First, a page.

By: Michelle L. Taylor-Frazier, Founder and Executive Director of Multicultural Educational Programs, Inc.
My name is Michelle Taylor-Frazier. I am the founder of Multicultural Educational Programs, Inc. (MEP). We are celebrating 20 years of inspiring, encouraging, and empowering children in science, technology, engineering and math-STEM. I am honored to write about the Black history in my family in Iowa. I am also honored to have March 16, named by Governor Reynolds as Multicultural Educational Programs Day across the state of Iowa.
MEP has partnered with the Drake University STEM Hub to donate our traveling “From Dreams to Reality” kit with 15 posters of African American Inventors and fun hands activities for the classroom. Please check with the them as place to start to learn more about African American inventors, and then students can continue their studies by utilizing the internet to expand their current knowledge base of African American inventors.
Our history is an important part of American history as the inventions have impacted the everyday lives of so many people across America and around the world in the different areas of medicine, transportation, technology and engineering. However, African Americans inventors were not included in history books so many of the inventions remain unknown to the majority of America. In Iowa specifically, it is still a great challenge to bring diversity into the classroom across the state.
Along this 20-year journey, many frustrating and sometimes outright disrespectful things that have happened to me and our team. I remember once explaining the exhibit and having a high school principal turn beet red and just stand up and leave our presentation while my aunt Sandra Bell, a retired Des Moines school principle and the director of education, was midsentence. It was an experience that could have defined our team and marginalized the exhibit to stay in the Des Moines area.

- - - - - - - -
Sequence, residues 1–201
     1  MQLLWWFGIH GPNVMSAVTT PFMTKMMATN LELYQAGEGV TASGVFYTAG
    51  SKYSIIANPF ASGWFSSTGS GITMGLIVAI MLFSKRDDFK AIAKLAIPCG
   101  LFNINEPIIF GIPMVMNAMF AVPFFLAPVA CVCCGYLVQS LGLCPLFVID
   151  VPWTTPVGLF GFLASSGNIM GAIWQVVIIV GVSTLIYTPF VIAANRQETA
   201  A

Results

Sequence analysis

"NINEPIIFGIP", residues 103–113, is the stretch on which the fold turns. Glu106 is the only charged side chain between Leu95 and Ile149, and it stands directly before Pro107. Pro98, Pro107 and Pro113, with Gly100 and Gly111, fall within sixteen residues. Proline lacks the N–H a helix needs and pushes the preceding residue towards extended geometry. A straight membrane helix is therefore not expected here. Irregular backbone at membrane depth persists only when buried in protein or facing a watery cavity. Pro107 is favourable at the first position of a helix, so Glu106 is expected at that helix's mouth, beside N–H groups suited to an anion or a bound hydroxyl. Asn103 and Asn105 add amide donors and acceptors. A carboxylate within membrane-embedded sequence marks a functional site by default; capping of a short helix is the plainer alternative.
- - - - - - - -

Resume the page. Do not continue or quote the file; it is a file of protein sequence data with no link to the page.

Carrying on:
The exhibit spent most of the time outside the state of Iowa, where the team experienced so much positivity. About two years later, in 2015, we were contacted by a team at Marshalltown Community College, where the contact person that took us to the previous meeting had been. She said this experience had bothered her to. Their team now had a grant and wanted to develop a Multicultural two-day central tour. The MEP team was thrilled! It took 20 people including the workshop presenters to prepare but as my aunt Sande Bell always says, “Teamwork makes the dream work!”
I have experienced an amazing outreach experience with the Marshalltown Community College and the ISU Extension teams from Hardin County. They wanted to design a two-day multicultural tour of two central Iowa cities. The first day, the tour served 250 high school students. The students were open, however quite shocked to meet Dr. Paula Mahone, who delivered the first living Septuplets right here in Des Moines. They also met my older cousin Donald Pipkins, a retired NASA engineer from Houston, TX. He has won many awards for his work and was one of the leads for the space shuttle team that designed the star tracking system.
The hardest part was that the students were so shocked that African American people invented things or led 60 people on a medical team to deliver seven babies successfully. Our team further enhanced the multicultural experience by inviting two amazing professors who are also Hispanic as quest speakers. Dr. Laura Redon, a professor at the University of Texas, San Antonio and Dr. Richard Salas the Director of Multicultural Affairs at Des Moines University-DMU. Each spoke about their challenges growing up in Texas. Laura shared about her current research and book showing how Hispanic students, despite their challenges, were performing well in college with the correct team of support. Dr. Salas shared about working in the agricultural fields with his family.
On the final day, word had traveled around about the wonderful experiences the youth had. 800 high school youth were signed up, however more than 1100 showed up!
Where did I get my explosive and positive inspiration and creativity? Being the daughter of an engineer and inventor who worked for the US Army as an officer lent me an extraordinary life as an African American child in the 1960-1970’s. I grew up around the world. I lived daily in a family where the statement “why not?” was the norm or “nothing beats a failure but a try!” However, the story of my Father LTC. Grady E. Taylor is a fascinating story for another day, when the book that I have written comes out.
As the second part of my two-part blog series, I will share about my uncle who was an inventor right here in Des Moines, Iowa. Read more about Celebrating Black History Month with Iowa Innovators and Inventors